Her writers however are and should be shot. The jokes are awful. That dreadful "theme song " ditty is diabolical and should be scrapped. It makes me cringe to think of it. It isn’t funny and it has the effect of making Charlotte look as if she can’t sing for toffee. Well done, guys. You’re not only misrepresenting Charlotte’s talents you’re also destroying them!

The humour of the show is coarse and explicit but it’s handled lazily. This is a mistake. Using coarse humour well is a great skill yet people constantly make the mistake of thinking that it is the easiest way to get a laugh. It isn’t. The Friday Night Project employs coarse humour superbly. So does Graham Norton and shows like Never Mind The Buzzcocks and Little Britain. But handled badly it just comes across as prepubescent and tasteless.

Charlotte doesn’t have the skill to deliver coarse humour well. It just makes her look oafish and a bit of a ladette. Fine if all you want to appeal to is the beer and lager consuming members of the public who are too drunk to have any discerning qualities one way or another. Not so good if you’re trying to sell a modern vision of Wales to as broad a spectrum of the British viewing public as possible.

I’m not Welsh. But I can’t help feeling that The Charlotte Church Show is an insult to Wales, the Welsh people and to Charlotte herself.

Like I said. Shoot the writers.

Friday, February 23, 2007

Page 9

God bless The Courier.

After snatching a copy hot of the press this morning (and then running back into the shop and paying the snarling shop assistant for it) I eagerly leafed through its hallowed pages to the quivering postbag section... and found utterly no sign of my letter at all.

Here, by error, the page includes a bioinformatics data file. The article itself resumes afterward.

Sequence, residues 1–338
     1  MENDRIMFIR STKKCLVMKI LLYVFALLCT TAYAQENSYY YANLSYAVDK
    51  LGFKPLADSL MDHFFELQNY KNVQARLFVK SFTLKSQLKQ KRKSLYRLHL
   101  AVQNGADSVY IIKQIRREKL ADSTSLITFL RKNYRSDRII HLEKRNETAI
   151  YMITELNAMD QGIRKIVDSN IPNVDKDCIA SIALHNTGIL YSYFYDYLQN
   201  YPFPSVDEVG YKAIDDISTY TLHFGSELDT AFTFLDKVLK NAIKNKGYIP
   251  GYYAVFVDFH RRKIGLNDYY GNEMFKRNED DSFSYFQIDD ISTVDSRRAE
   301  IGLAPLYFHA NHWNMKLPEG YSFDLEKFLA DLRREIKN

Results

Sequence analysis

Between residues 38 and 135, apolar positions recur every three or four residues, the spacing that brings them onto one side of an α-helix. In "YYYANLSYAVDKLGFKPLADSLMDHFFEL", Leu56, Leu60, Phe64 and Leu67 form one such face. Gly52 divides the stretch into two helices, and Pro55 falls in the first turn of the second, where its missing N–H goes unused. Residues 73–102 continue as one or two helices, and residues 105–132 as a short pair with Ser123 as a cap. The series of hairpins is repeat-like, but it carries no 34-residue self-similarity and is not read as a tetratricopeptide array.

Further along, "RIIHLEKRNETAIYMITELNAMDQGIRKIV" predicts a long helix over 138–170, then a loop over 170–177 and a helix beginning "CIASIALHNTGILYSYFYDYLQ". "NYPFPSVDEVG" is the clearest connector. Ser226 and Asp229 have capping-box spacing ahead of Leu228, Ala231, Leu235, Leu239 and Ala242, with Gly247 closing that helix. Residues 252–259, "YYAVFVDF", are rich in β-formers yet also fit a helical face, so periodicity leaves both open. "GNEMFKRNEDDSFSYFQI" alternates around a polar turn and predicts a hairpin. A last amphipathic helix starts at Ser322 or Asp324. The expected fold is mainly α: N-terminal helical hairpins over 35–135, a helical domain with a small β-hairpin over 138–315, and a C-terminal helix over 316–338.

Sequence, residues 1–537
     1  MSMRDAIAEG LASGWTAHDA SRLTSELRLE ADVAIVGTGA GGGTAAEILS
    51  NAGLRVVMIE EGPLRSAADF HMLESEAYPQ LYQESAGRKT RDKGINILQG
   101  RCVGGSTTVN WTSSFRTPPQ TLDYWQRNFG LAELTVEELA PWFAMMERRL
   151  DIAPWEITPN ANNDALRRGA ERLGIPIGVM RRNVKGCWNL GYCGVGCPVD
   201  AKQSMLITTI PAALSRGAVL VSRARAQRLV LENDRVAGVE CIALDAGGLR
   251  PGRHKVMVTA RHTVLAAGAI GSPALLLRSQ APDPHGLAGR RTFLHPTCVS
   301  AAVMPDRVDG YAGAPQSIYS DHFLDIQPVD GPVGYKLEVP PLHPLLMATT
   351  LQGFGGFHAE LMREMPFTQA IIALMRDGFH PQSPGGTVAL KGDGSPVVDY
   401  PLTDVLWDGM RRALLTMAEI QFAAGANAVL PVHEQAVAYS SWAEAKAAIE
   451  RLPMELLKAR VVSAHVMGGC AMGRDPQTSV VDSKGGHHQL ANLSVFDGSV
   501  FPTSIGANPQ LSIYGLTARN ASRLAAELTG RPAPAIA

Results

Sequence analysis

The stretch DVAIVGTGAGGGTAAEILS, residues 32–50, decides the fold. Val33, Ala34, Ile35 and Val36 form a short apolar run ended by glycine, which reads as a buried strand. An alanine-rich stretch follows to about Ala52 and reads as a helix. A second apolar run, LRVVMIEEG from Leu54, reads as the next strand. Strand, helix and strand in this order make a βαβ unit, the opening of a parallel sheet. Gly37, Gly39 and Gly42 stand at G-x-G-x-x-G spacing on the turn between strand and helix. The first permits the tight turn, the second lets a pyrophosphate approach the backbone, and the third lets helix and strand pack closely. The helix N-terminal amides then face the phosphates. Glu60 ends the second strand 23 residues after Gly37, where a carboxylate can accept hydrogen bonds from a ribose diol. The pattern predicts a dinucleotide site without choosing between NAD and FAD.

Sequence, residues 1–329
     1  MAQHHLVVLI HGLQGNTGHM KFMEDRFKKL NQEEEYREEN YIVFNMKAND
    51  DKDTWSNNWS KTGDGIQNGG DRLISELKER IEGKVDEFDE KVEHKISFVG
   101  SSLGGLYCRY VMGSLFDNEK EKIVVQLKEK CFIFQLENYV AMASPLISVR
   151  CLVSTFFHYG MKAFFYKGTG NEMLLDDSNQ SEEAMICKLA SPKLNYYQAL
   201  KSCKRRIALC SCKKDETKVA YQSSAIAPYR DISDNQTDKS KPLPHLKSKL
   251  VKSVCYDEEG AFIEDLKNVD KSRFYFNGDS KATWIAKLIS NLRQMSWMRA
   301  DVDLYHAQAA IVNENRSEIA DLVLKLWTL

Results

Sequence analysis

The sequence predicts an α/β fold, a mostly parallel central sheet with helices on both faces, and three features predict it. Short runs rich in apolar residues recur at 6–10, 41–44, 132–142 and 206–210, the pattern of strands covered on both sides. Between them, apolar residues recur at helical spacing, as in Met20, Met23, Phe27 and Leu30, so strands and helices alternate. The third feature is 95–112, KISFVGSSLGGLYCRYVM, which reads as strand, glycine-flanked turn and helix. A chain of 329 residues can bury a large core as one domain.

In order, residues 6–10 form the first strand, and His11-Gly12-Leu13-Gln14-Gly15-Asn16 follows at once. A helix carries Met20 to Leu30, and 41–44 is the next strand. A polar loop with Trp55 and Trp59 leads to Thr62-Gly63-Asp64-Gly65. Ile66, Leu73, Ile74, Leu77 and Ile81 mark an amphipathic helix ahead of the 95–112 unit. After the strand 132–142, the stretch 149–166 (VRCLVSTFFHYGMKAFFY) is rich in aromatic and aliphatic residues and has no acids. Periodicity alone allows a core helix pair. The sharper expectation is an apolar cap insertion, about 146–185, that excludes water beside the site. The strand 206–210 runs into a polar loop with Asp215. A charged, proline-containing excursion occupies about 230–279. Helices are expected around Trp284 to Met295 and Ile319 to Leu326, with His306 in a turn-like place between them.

Cue 10 minutes of swearing until I realized that they’d actually written a feature on the whole night club debacle on page 9 and there, smack (pun intended) bang in the midst of other offended letters was mine. Emblazoned if you will upon the very centre and nexus of the article.

My ego was pumped to bursting point.

Or at least it was until I realised how SAD I was being.

I mean, it’s ONLY the Courier. It’s not like it’s The Sun or anything. Get a grip!

Anyway, for those of you who wish to read the letter but missed its posting here last week, just follow this link: Smack letter.

Wednesday, February 21, 2007

Hot Fuzz

As it was Karen’s 40th yesterday I treated her to a day of gifts and choice entertainments which comprised of a massive stack of DVDs, a whopping tower of fab books, a breathtaking example of local jewellery craftsmanship, a hefty slap-up meal at The Saxon Mill and – the icing on the cake – a first class paradigm of this country’s top movie produce in the shape of Simon Pegg’s Hot Fuzz.

Fans of Spaced will love Hot Fuzz. It was certainly good to see “Marsha” (Julia Deakin) on the big screen though this time playing a propurrrr Somerset barmaid. Nick Frost was on form as the bumbling, Point Break obsessed Danny Butterman and the rest of the cast were all superb: Timothy Dalton, Jim Broadbent, Edward Woodward to name but a few. All top UK actors who all apparently queued up to appear in the film. And it’s easy to see why – the sheer enjoyment on each of their faces can be read from the first scene. Somehow I don’t think filming Hot Fuzz was at all a chore. Why can’t I get a job like that?

Anyway, I won’t spoil the plot too much. Basically Simon Pegg plays Nicholas Angel (or Nicolarse as his moustachioed CID colleagues call him), a top, high flying London super cop who just can’t switch off from the job. Nick Frost plays PC Butterman a low lying, cake scoffing, beer quaffing Somerset cop who doesn’t know how to switch his police radio on but can operate a DVD player whilst blind drunk. Pair the two of them together in a town where the gristly murder rate rises in line with the gags and you have a fantastically entertaining movie.

And look out for Shameless actor, David Threlfall (Frank Gallagher), who makes a hilarious appearance playing an annoyingly poncy Shakespearian actor who receives one hell of an eloquent performance review...

Heck. I’m gushing but this is the film to see if you want to combat the February blues. I’m already pre-ordering it on Amazon; it’s that good.

Monday, February 19, 2007

Jumped The Gun

It seems I was a mite premature in my peevishness towards the Leamington Courier. I had an email this morning from their contribution’s editor thanking me for my letter about the Smack nightclub and advising me to see this Friday’s edition… a sure sign that my letter is primed for publication.

Another teeny-weeny serving of fame beckons.

Who knows I may end up as a guest on Loose Women after all…

Or should I be setting my sights a lot higher?

Friday, February 16, 2007